The absurdities that arise from identity politics are endless, like students at private universities complaining that their cafeteria food is racist. But this isn’t even the worst of it. Identity politics has a lot to answer for in how it disempowers minorities such as people of colour.

Real empowerment comes through identification of the self despite injustice, rather than through injustice. In Frantz Fanon’s conclusion to Black Skin, White Masks, he rejects that he, a man of colour, should have any right to demand either guilt or reparations from the white man. He questions the notion of identity as essential and inescapable, insisting that “The Negro is not. Any more than the white man.”

Fanon asks, “Why not the quite simple attempt to touch the other, to feel the other, to explain the other to myself?” Am I gay, a person of colour, a second-generation migrant? Yes, and much else besides. But if I were to define myself by these qualities alone, then I surrender my ability to identify with a common humanity.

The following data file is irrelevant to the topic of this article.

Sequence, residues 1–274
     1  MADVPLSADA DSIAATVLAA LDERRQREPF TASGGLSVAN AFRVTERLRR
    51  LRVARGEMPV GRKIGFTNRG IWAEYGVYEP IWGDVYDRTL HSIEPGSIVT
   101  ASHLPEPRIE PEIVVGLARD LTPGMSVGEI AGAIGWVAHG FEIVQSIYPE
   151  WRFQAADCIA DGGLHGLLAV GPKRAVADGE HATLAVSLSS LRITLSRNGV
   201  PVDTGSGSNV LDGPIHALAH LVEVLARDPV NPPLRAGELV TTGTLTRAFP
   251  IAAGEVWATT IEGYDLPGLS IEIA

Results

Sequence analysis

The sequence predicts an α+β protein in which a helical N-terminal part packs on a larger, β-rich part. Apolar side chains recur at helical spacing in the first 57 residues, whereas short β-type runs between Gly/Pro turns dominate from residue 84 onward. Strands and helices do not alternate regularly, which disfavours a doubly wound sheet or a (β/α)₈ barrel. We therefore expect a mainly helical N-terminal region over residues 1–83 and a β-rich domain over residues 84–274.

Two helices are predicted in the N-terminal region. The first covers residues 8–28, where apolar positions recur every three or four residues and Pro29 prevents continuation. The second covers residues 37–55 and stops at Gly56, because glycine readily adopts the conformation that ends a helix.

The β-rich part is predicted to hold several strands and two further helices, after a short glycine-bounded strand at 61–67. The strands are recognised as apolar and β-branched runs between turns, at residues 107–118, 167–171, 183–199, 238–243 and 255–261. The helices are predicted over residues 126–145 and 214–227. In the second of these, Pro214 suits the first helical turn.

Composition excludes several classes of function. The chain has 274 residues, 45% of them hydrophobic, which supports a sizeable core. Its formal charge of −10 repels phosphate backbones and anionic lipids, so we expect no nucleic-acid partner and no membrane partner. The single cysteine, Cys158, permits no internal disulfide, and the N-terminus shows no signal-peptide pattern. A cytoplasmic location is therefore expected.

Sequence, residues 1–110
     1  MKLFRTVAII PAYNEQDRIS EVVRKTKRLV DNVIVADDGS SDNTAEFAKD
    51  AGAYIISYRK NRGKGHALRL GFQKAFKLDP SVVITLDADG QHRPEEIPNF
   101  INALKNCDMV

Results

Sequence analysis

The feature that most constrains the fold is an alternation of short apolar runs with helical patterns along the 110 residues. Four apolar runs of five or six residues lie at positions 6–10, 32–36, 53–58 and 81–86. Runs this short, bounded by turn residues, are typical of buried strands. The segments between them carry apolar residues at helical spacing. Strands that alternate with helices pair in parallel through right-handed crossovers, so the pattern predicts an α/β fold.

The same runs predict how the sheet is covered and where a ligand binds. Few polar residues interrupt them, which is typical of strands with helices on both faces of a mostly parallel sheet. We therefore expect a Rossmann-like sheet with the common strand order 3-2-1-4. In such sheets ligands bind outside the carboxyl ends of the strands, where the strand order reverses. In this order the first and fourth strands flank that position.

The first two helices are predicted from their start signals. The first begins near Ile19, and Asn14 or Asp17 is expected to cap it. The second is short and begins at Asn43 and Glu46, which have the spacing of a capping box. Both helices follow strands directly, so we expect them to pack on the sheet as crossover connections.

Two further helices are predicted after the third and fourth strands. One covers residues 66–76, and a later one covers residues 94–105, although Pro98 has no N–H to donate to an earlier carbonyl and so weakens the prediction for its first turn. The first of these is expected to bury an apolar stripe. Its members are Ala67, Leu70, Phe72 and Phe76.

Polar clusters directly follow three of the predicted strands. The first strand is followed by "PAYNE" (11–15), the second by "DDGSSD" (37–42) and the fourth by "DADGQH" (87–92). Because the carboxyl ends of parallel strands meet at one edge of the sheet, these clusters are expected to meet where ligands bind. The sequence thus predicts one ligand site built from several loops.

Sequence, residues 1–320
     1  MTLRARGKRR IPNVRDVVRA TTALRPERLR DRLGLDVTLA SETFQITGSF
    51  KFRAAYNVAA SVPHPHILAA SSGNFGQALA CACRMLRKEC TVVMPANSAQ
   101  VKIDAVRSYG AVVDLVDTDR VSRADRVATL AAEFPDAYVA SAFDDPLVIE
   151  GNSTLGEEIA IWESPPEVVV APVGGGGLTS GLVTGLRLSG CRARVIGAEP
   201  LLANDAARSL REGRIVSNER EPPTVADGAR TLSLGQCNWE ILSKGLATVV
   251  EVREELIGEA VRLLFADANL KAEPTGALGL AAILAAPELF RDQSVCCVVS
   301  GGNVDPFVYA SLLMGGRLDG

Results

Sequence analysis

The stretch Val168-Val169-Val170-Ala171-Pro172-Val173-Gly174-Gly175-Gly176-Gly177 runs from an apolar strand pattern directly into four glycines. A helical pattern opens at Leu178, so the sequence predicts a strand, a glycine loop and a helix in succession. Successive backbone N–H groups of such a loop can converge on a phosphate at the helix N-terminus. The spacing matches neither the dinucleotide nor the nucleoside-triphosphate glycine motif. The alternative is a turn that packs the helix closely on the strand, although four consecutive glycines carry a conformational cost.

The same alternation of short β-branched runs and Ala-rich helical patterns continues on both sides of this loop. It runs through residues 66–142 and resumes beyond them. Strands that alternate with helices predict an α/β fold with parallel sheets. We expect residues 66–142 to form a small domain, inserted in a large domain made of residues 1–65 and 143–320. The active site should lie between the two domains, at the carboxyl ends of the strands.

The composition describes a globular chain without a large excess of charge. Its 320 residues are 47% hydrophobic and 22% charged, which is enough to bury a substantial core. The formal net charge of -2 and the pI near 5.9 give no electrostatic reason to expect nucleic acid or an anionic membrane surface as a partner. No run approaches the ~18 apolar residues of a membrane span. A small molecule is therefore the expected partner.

This is profoundly disempowering. Identity politics perpetuates this alienation, robbing us of our collective strength and consigning us to perpetual stagnation.

Socialists, real socialists, believe in a world without division. Our political vision is to unite all of humanity under a common banner, where division based on colour, sex, and sexuality no longer has potency, where wealth is not a birthright, and where any child can truly aspire to any goal, unencumbered by economic disadvantage. Ours are politics of unity.

Identity politics only offers separation. And for minorities, like myself, it condemns us to narcissism.

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Adelaide University student magazine since 1932. Edited by Nicholas Birchall, Felix Eldridge, Taylor Fernandez and Larisa Forgac. Email us at onditmag@gmail.com